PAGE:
His sister Myrtle on the other hand is anything but a good child. She never cleans out the rabbit hutch when it’s her turn – why would she when Chirton will do it for her?

Nobody invites her to parties any more and she’s been told she’s not good so many times, she now has a reputation to live up to. Moreover their parents have given up trying to make her do the good things her brother does without question.

But then he does start to question: why should Myrtle not have to eat her veggies and why should she be allowed to stay up late watching TV, stuffing herself with choco puffs and dropping them all over the floor?

Maybe, just maybe, being a goody isn’t actually so good after all.

Could it be that a change is about to come upon our erstwhile goody, goody boy? And what about Myrtle? Might changes be afoot in her too? …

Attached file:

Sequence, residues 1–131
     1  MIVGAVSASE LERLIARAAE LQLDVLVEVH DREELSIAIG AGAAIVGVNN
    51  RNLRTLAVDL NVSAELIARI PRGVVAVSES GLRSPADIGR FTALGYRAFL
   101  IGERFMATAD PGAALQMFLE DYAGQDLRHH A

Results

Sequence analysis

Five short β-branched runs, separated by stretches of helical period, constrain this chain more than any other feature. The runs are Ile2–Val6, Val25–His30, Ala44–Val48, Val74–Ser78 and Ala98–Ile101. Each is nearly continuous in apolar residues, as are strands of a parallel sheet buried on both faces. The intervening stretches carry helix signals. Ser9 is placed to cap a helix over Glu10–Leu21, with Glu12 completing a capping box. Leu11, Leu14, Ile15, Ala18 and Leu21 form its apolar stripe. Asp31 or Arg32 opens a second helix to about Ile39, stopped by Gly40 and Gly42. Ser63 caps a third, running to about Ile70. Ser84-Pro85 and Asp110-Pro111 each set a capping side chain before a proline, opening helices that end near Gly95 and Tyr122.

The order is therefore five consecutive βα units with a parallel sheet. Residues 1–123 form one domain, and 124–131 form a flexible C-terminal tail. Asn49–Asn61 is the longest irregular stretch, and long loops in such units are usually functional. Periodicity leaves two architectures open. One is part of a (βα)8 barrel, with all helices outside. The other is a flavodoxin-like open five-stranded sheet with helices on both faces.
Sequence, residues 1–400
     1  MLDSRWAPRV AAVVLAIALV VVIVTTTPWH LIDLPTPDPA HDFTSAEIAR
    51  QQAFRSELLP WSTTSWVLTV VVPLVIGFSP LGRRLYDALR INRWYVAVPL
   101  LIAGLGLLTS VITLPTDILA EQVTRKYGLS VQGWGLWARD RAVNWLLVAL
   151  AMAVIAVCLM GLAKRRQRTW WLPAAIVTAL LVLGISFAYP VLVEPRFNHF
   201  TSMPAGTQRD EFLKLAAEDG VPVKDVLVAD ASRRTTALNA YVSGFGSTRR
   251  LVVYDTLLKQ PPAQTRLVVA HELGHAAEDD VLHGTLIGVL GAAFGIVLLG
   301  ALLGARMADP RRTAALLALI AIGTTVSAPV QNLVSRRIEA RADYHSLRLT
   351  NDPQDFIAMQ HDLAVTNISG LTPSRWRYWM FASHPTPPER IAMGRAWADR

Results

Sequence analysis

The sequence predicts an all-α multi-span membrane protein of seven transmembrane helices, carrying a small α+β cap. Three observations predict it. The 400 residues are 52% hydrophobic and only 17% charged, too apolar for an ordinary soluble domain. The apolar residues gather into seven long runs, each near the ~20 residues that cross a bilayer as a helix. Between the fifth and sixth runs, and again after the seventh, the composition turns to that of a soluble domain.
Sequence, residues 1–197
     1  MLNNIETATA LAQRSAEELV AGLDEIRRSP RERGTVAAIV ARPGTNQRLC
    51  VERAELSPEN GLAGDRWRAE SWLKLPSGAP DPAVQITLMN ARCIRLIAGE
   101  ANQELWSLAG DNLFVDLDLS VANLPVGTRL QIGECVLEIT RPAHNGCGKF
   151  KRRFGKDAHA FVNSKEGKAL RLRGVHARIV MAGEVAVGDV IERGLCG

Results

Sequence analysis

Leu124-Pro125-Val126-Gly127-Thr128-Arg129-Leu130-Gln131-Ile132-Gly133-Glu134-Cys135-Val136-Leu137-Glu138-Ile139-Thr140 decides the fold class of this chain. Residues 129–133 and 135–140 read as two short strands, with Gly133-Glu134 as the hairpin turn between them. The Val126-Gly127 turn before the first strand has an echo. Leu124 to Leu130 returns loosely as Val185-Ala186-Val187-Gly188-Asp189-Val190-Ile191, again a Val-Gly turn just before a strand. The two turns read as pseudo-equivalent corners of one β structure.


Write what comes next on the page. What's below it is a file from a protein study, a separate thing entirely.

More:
Delivered with Lauren Child’s unique humour and charm, and her idiosyncratic illustrative style she presents a smashing ‘goody versus naughty’ story that demonstrates how important it is for children to be allowed to be themselves and to be kind.

Whatever way youngsters present themselves to the world, they’ll love this book with its wonderfully textured art, credible characters and wry look at family life Krauss style.

The Little War Cat

The Little War Cat
Hiba Noor Khan and Laura Chamberlain
Macmillan Children’s Books

This story was inspired by a real man ‘the cat man of Aleppo’, Mohammad Alaa Aljaleel, a truly kind individual who set up a sanctuary that became home to hundreds of cats in his home city after his family left for safety.

It became a place not only for the cats; adults young and not so young also came ‘to help and play, making it a place of love and hope for everyone’. So Hiba tells readers in a note at the end of her story, a story that begins with a little grey cat living a contented life in Aleppo. But that was before the war which brought with it terrible changes including those tramping big boots and a lack of food for the little cat .